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The Cerebellum: anatomy and physiology

The Cerebellum: anatomy and physiology

The cerebellum is located behind the upper part of the brainstem (where the spinal cord joins the brain) and is formed by two hemispheres or halves.

The cerebellum receives information from sensory systems, the spinal cord and other parts of the brain and then regulates motor movements. The cerebellum coordinates voluntary movements such as posture, balance, coordination and speech, resulting in a smooth and balanced muscular activity. It is also important for motor behaviors.

Content

  • 1 Anatomy of the cerebellum
  • 2 The white substance
  • 3 Gray substance
  • 4 Cerebellar references
  • 5 Cerebellum Eferences

Cerebellum Anatomy

The cerebellum is relatively small, weighs 90% less than the brain, but contains approximately half of the neurons than the brain, specialized cells that transmit information through electrical signals.

On the surface of cerebellum two hemispheres can be observed, and a central region called vermis.

The surface of the cerebellum contains numerous folds that are called folia (plates). In addition, on the surface of the cerebellum we can distinguish a series of grooves that divide the cerebellum into three lobes.

The cerebellum is divided into three lobes:

  • Previous
  • Later
  • Flocculonodular

Most of the cerebellum is composed of gray matter, which is found on the surface (cerebellar cortex) and this in turn surrounds the white substance. The white substance branches to the gray forming what is calledtree of Life.

White substance

The white substance is mainly composed of axon extensions with myelin and has the function of transporting nerve information. It is found in the inner part of the cerebellum and is composed of: afferent fibers to the cortex and deep nuclei, efferent fibers of the deep nuclei and axons of Purkinje cells

Gray substance

Gray matter is responsible for developing the appropriate responses to the different stimuli (part of the modulator). It is formed by neuronal bodies and extensions without myelin (dendrites, unmyelinated axons and teledendrons) and is divided into the cerebellar cortex and the deep cerebellar nuclei.

Cerebellar cortex

It is an area of ​​the cerebellum full of folds, so from the outside you can only observe 15% of its total area. This feature allows its surface to be much more extensive without having to increase the total volume of the cerebellum.

In turn, the cerebellum's cortex is organized in three layers:

  • Molecular layer: It is the outermost layer and is formed by interneurons. It is a layer formed mainly by multiple dendrites of Purkinje cells and axons of granular cells (parallel fibers).
  • The Purkinje cell layer: It lies between the molecular layer and the granular layer and is formed by a single row of soma from Purkinje cells that are the only projection cells of the cerebellar cortex.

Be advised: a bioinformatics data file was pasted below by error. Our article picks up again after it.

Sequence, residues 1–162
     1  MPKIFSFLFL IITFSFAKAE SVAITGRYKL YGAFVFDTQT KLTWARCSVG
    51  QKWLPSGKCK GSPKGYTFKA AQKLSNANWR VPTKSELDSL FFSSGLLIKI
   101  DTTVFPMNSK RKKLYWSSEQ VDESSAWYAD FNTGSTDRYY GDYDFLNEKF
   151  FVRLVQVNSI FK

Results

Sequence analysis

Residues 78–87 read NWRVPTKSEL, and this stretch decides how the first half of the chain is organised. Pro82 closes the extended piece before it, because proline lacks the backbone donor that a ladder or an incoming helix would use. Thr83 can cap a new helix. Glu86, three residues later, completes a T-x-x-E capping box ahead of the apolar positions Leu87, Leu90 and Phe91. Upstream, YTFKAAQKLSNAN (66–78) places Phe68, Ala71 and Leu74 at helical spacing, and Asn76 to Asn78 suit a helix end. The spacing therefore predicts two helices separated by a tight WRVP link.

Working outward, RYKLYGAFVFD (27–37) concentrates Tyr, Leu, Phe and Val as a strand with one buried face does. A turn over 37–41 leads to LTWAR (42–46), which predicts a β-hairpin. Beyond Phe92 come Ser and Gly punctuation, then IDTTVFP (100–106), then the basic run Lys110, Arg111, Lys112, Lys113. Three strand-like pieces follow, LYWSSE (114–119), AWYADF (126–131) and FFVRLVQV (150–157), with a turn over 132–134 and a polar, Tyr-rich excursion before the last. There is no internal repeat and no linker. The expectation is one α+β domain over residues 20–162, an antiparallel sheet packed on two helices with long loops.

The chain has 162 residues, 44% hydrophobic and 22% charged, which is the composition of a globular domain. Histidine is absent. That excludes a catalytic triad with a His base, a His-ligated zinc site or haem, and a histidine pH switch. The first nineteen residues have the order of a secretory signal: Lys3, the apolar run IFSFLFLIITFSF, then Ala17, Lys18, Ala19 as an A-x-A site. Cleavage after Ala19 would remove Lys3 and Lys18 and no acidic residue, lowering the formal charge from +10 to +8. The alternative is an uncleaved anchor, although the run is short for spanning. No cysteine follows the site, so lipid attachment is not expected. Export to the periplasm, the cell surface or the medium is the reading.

• Granular layer: It is the innermost layer and consists of two types of interneurons, granular cells and Golgi cells. The axons of the granular cells rise to the outermost layer, the molecular layer, where they are divided into two branches parallel to the folia. For this reason they are called parallel fibers.

Deep cerebellar nuclei

Inside the cerebellum in the white substance, four pairs of nuclei can be located, which reach information on Purkinje cell inhibitors.

The deep nuclei of the cerebellum are as follows:

  • Nucleus of the annoyance
  • Globose core
  • Emboliform nucleus
  • Serrated nucleus

Cerebellar references

The cerebellum receives a large number of afferences that originate in the spinal cord, brainstem and vestibular organ.

The spinal cord sends to the cerebellum information from the skin and muscles, as well as information on the motor orders that reach the motor neurons.

The brain stem also sends sensory and motor information in the cerebellum.

These cerebellar references can do the following actions:

  • Go directly to the cerebellar cortex, or
  • go through the deep nuclei before.

Cerebellum Eferences

All cerebellar activity is conducted through the axons of Purkinje cells, which are the only projection cells of the cerebellar cortex. Later axons of Purkinje cells are directed towards the deep nuclei of the cerebellum.

Eferences from the deep nuclei are directed to the thalamus and the brainstem.

The efferent fibers of the cerebellum, mossy and climbers, influence the cells of the deep nuclei and the cortex of the cerebellum.

References

Diamond, M.C .; Scheibel, A.B. and Elson, L.M. (nineteen ninety six). The human brain Work book. Barcelona: Ariel.

Guyton, A.C. (1994) Anatomy and physiology of the nervous system. Basic Neuroscience Madrid: Pan American Medical Editorial.

Kandel, E.R .; Shwartz, J.H. and Jessell, T.M. (eds) (1997) Neuroscience and Behavior. Madrid: Prentice Hall.

Martin, J.H. (1998) Neuroanatomy. Madrid: Prentice Hall.

Nolte, J. (1994) The human brain: introduction to functional anatomy. Madrid: Mosby-Doyma.